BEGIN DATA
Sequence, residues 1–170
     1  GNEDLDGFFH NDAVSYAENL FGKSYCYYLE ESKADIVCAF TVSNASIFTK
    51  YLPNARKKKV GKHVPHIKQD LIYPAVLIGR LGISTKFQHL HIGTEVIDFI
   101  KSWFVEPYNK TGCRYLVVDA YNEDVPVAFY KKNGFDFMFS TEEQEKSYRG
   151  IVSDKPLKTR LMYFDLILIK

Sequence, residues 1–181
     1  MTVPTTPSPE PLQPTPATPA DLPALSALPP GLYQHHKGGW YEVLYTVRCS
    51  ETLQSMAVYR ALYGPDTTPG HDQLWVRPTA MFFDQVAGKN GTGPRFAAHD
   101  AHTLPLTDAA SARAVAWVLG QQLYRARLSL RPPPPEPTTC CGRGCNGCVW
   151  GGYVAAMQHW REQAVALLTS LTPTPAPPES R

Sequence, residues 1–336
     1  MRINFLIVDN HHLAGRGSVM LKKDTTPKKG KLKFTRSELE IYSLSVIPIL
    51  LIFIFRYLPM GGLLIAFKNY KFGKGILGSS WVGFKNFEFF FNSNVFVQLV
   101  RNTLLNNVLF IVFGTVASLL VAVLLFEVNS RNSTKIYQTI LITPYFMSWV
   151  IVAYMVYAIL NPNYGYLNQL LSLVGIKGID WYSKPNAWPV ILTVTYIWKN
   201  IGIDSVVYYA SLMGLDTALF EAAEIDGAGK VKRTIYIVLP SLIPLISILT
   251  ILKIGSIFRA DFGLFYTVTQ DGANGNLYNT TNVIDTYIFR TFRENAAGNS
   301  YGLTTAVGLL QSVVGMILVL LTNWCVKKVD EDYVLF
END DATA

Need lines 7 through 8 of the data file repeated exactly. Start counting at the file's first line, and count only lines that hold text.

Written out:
     1  MTVPTTPSPE PLQPTPATPA DLPALSALPP GLYQHHKGGW YEVLYTVRCS
    51  ETLQSMAVYR ALYGPDTTPG HDQLWVRPTA MFFDQVAGKN GTGPRFAAHD